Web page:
FAYETTEVILLE -- Matthew Richardson, who is facing charges in Arlington, Va., after police say he tried to blow up a car in a Pentagon parking lot, was released from the Washington County jail in December after The Bail Project posted his bond.
The Bail Project, a group working to help poor people avoid pretrial incarceration, has been working in Washington County since September, according to Madeline Porta, a client advocate with the group's Northwest Arkansas office.
"We provided free bail assistance to 19-year-old Matthew Richardson last year in a case of alleged theft," Porta wrote in an email Wednesday.
Richardson was arrested in Arkansas on Nov. 27 after, police said, he stole a 2018 Ford Explorer from the Washington Regional Medical Center parking lot, according to police and court records.
His case shows the need for additional mental health programs for many of the people who come into contact with the criminal justice system, Porta said.
"At the time we met him, the teen had been in jail for nearly a week because he could not afford the $2,500 bail," Porta said.
Porta said The Bail Project has provided free bail assistance to nearly 200 people in the jail. She said 90% of those released have appeared for their court dates. Nearly 80% of the group's clients have problems with drug abuse, and almost half describe mental health needs.
On Monday, Richardson, who is listed in police reports as a homeless resident of Fayetteville, was arrested when a Pentagon police officer said he saw Richardson striking a cigarette lighter to a piece of fabric that had been pushed into the gas tank of a 2016 Land Rover, according to a news release from the U.S. attorney's office for the Eastern District of Virginia. Richardson fled and was caught at the Arlington National Cemetery, adjacent to the Pentagon, according to the release. He told the officer that he was going to "blow this vehicle up" and "himself," the release said.
Richardson was charged Monday with maliciously attempting to damage and destroy by means of fire a vehicle used in affecting interstate and foreign commerce. If convicted, he faces a mandatory minimum of five years in prison and a maximum penalty of 20 years in prison, according to the U.S. attorney's news release.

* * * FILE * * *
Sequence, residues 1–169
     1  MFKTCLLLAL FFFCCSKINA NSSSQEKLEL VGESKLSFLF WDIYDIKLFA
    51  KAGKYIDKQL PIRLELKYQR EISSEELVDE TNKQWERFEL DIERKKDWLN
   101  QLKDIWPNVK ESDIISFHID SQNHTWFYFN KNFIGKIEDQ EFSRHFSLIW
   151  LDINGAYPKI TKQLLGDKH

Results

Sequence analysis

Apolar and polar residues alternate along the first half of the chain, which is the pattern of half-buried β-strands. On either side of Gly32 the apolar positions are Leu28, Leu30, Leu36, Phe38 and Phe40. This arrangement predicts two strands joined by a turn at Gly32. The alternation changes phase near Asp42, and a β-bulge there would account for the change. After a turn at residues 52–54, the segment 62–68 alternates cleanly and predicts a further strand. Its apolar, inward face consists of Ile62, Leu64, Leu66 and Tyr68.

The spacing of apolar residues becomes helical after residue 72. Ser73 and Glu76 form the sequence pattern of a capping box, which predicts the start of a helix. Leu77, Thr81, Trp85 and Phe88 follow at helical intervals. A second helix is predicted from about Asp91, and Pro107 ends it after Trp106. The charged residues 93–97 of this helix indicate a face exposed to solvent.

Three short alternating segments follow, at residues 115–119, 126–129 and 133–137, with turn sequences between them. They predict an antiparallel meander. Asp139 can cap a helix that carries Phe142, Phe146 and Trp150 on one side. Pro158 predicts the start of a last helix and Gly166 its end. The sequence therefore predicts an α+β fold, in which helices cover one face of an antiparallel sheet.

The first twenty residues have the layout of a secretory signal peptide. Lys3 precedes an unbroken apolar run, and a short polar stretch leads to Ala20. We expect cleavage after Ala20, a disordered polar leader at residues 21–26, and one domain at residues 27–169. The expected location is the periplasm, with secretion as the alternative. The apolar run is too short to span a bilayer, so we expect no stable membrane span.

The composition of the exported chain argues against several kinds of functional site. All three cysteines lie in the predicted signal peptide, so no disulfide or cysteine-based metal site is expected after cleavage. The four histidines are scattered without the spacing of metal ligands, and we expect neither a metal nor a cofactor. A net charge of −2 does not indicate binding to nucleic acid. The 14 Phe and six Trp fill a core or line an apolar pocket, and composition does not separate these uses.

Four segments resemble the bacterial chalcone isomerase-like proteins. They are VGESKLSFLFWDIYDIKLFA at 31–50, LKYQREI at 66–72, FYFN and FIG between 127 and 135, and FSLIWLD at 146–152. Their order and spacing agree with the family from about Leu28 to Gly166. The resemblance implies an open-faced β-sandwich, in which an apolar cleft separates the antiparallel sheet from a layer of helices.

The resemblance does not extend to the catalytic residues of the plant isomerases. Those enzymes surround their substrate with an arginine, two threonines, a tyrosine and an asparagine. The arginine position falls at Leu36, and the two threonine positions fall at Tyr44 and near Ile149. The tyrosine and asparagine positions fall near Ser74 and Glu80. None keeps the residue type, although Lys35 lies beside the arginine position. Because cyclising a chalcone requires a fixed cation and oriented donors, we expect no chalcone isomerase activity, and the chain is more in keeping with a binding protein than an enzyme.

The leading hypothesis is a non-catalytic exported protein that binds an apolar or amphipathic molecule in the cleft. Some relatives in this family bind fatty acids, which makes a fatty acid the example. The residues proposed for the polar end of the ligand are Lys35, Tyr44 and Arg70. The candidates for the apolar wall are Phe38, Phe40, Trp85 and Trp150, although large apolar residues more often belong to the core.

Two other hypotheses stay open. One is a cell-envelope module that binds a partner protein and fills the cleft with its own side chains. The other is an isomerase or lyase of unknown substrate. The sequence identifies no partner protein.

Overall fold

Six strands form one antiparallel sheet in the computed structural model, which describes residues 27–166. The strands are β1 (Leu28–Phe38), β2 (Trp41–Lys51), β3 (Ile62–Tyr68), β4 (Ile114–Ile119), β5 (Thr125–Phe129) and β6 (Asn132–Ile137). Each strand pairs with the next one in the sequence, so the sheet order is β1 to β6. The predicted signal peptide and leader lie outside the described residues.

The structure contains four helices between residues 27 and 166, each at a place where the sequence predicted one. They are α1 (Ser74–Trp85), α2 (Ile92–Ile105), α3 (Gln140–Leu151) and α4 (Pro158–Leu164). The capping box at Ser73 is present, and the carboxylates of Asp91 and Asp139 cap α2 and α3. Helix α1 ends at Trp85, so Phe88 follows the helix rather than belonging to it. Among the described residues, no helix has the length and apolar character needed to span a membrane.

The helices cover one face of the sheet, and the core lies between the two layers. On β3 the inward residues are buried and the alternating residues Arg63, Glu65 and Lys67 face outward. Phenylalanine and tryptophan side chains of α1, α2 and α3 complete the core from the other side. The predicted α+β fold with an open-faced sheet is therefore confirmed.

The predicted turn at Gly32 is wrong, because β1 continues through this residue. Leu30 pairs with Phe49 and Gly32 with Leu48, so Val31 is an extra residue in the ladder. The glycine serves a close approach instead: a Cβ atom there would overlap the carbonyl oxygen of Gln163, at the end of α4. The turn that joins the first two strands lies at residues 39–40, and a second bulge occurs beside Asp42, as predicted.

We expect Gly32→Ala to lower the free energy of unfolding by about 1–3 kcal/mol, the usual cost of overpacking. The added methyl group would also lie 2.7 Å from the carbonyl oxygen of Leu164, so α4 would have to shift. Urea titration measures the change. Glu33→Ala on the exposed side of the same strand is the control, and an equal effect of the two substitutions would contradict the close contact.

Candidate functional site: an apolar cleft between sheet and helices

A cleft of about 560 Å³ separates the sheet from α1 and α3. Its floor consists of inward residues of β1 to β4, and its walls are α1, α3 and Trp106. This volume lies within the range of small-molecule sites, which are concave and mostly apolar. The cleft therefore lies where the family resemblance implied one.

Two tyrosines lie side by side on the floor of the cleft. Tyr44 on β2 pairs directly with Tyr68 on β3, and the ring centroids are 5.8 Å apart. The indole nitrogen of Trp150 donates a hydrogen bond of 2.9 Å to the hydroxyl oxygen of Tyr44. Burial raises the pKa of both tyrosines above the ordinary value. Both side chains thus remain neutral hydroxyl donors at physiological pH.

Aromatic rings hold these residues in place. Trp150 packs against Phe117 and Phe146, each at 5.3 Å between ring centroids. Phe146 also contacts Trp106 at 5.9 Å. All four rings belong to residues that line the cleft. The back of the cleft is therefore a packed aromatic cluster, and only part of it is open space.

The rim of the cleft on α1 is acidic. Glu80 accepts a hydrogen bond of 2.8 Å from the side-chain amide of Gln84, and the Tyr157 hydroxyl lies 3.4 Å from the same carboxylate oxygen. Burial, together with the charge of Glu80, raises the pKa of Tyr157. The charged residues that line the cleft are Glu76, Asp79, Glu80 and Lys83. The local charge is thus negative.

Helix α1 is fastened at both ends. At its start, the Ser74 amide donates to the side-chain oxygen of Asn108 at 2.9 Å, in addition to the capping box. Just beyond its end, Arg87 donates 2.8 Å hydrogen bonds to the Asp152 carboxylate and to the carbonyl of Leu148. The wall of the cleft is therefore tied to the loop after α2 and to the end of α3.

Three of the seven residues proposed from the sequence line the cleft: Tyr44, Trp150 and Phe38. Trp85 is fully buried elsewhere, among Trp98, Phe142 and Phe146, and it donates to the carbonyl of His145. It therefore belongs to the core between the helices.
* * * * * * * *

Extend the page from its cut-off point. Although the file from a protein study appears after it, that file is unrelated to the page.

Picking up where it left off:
He had an initial court appearance Tuesday in U.S. District Court in Alexandria, Va., and was ordered held for a hearing set for today.
The Land Rover is owned by an active-duty service member who didn't know Richardson, according to the release.
Washington County Sheriff Tim Helder said Wednesday that Richardson's actions after his release don't reflect on the work of The Bail Project.
"The Bail Project posting his bail is the same as if his grandpa came down and posted it," Helder said.
He added that he is concerned that the number of detainees being released because of chronic crowding at the jail makes such incidents more likely. The sheriff's office has been releasing more than 200 detainees a month above and beyond those who are helped by The Bail Project.
Helder said Richardson wouldn't have met the criteria for admission to the Crisis Stabilization Unit, which works to divert people with mental health or substance abuse problems away from the criminal justice system.
"The CSU is for people who haven't been arrested," Helder said.
Prosecuting Attorney Matt Durrett said he understands that people may be concerned by Richardson's actions after his release from jail, but he doesn't think the one incident should be used to hamper the work of The Bail Project.
"It's unfortunate, but I don't think it reflects on them," Durrett said Wednesday. "I don't know to what extent anyone could have known this person was going to do what he has been accused of doing."
Durrett said Richardson's bail was set by a judge, and was in keeping with normal standards and procedures. He could have been released through more "traditional" means, by a bail bondsman or family members, Durrett said, with the same outcome.
Stan Adelman, a Fayetteville lawyer and law professor, was hired as a jail ombudsman by the county to reduce crowding by identifying detainees who might be likely candidates for release on lower bail or no bail. Adelman said Wednesday that releasing any detainee is a "risk management" process.
He said he had heard of Richardson through his work as a volunteer at the 7 Hills Homeless Center in Fayetteville, but wasn't familiar with his criminal case. Adelman said it's important to not let one poor outcome color the effort to reduce pretrial incarceration.
"No. 1, there's no risk-free method when it comes to pretrial detainees and the decision to release them," he said. "The same kind of thing could have happened if this gentleman had the money and put up his own bond. Our focus is on whether people should be released. The Bail Project's appearance rate is pretty favorable compared to the traditional means. I wouldn't want people jumping on any bandwagons or jumping to any conclusions because of this incident."
The 710-bed jail is at its operating capacity when the number of detainees is between 80% and 90%. That's because of legal requirements regarding segregation of certain detainees. The jail has reported daily population counts in excess of 800 in recent months.
Metro on 02/27/2020